Three-phase wiring provides three alternating currents uniformly separated in phase angle so that each leg of alternating current reaches its maximum voltage one-third of a cycle before and after the other two. This means the total amount of power supplied by all three alternating currents when added together remains constant. Three-phase power may be supplied via three wires or four.
Rotating a magnetic field through the conductors of a stationary coil produces a single-phase alternating current. If three conductors are 120 degrees apart around a central rotating magnetic field, they produce three alternating currents 120 degrees out of phase with each other. This configuration supplies three-phase power.
The two three-phase configurations are delta and wye. In a delta configuration, the three separate inductive loads are connected in triangular configuration, resembling the Greek letter "delta," with an electrical line connected to each point of the triangle. In a wye configuration, the three inductive loads radiate from a central point, resembling an English letter "Y," with an electrical line connected to each branch, and a fourth neutral wire connected to the central point where the loads meet.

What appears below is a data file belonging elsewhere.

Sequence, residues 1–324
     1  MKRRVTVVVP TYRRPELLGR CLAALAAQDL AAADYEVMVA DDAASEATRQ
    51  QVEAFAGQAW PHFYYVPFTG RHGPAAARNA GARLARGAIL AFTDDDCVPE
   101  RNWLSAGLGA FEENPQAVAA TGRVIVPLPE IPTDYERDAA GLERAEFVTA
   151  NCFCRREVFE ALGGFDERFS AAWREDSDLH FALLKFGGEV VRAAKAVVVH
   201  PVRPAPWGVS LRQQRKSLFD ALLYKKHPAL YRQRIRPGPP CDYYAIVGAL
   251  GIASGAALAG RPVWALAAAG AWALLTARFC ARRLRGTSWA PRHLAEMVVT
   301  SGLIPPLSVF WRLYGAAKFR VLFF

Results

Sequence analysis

A three-phase motor, with one set of windings for each phase, is highly efficient. The constant power supply allows a three-phase motor to draw significantly less current than an equivalent single-phase motor.